Take a journey to 1970s Paris with Sotheby’s celebration of the work of French designer Pierre Paulin
The legacy of iconic French designer Pierre Paulin is alive and well in the hands of the next generation – a fact perfectly illustrated by Sotheby’s recent review of his work in Paris. ‘Pierre Paulin, une pensée au présent’ offers up a sleek retrospective of Paulin’s most noteworthy designs, featuring 40 pieces that have come to define his boundary-pushing oeuvre far beyond his passing in 2009.
The exhibition was a joint exercise between Paulin, Paulin, Paulin — formed of Pierre Paulin’s widow Maia, son Benjamin and Benjamin’s wife Alice Lemoine – and Sotheby’s design head Florent Jeanniard. The show was dedicated to reviving and reaffirming the master’s position as pride-of-place in France’s 20th century design canon.
‘The exhibition tells a lot about the dualities in Paulin’s oeuvre,’ Benjamin Paulin explains of the show, which features several previously unreleased pieces alongside more widely known works. ‘From the modular systems of Pierre Paulin Program and Pompidou collections to the luxurious limited productions of the 1080s for Francois Mitterrand.’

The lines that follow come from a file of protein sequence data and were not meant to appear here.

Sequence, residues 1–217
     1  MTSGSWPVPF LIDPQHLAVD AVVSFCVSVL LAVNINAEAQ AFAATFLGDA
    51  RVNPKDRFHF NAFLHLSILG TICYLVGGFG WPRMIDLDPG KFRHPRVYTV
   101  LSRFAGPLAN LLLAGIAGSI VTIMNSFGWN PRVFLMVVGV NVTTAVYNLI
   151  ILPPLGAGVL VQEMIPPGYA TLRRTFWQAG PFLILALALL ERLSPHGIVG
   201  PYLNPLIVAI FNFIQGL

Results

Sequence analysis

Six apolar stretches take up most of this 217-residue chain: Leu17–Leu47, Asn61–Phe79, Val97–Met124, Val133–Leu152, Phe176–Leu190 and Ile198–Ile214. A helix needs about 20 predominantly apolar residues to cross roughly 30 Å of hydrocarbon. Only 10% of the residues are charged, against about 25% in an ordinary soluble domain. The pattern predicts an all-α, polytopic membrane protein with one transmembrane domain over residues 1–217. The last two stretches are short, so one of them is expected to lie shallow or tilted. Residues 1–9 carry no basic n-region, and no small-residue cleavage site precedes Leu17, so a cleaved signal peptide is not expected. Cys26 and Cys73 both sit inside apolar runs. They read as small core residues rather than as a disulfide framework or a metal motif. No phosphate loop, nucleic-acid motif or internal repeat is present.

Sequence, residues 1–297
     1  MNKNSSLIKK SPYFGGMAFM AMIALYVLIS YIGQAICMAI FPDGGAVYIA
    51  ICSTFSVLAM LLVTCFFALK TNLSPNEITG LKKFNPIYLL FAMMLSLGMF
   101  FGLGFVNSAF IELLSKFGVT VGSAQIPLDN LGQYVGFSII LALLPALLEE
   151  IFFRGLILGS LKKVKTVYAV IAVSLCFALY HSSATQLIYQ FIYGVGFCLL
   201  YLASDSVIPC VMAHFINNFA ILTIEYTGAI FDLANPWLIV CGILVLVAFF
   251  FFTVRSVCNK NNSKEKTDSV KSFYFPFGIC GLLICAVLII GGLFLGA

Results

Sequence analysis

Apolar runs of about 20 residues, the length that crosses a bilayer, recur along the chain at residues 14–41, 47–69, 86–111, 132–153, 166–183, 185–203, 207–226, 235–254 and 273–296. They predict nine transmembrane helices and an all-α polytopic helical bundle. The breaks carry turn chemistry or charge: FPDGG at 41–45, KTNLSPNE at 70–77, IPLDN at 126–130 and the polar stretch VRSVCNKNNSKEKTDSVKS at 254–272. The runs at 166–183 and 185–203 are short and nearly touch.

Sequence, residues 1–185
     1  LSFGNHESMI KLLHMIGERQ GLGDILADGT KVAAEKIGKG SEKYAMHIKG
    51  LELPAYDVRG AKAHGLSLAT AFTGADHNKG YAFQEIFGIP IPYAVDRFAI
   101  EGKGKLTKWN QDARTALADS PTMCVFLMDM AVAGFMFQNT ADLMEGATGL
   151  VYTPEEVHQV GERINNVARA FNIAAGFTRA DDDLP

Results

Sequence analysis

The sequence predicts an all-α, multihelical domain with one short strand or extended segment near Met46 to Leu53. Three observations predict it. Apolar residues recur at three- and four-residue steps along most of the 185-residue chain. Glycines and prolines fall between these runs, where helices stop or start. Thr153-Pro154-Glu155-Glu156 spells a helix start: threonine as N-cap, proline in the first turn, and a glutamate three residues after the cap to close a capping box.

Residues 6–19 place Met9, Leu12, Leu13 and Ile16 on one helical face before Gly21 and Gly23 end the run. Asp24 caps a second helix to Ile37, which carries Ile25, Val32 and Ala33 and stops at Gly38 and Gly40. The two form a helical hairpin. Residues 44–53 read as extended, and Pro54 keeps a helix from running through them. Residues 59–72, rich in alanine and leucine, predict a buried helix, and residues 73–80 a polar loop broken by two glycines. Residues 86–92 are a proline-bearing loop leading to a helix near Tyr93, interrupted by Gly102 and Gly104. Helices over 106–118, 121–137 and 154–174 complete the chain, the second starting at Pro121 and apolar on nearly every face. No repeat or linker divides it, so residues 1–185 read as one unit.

The location of the exhibition, on the tony Rue du Faubourg Saint-Honoré, also exists as a sort of homecoming for Paulin. In the late 1960s, he was commissioned by then-president George Pompidou and his wife Claude to design their private apartments at the Élysée Palace just across the road. Decades later, François Mitterrand would ask him to do the same.
Oozing with savoir-faire straight out of 1970s France, the exhibition followed a loosely chromatic order over three levels. As visitors enter, all-white clusters of Paulin’s origami-like Dune sofa sit splayed out like a well lit opium den. Traveling through to the level above, larger-than-life Déclive loungers in subtle variations of red are unfurled like lolling tongues, leading to a room scattered with cherry-coloured modular Élysée shelving, cleaved in two by a snaking Osaka sofa.
The uppermost floor largely features work from Paulin’s presidential patronages. Assorted pieces from the Mitterand days are clustered in blue and burgundy, including the former president’s Viennese caned office chair pulled up to his startlingly enormous blue Executive desk complete with geometric pink inlay; a visual delight against the stark white walls and sober frescoes of Sotheby’s gilded Parisian headquarters.
In the final room, we circle back to monochrome, with a focus on Pompidou’s famously retro-futuristic abode. Bulbous, low-seated white sofas, smoked glass tables and plush, wall-to-wall carpet conjure scenes of chain-smoking Parisian Senators (indeed, Paulin designed a room at the palace purpose-built for the activity) and a longing for another head of state with similarly inspired taste.
As for the new tenants next door? ‘I hope Emmanuel and Brigitte will visit us,’ quips Benjamin, diplomatically.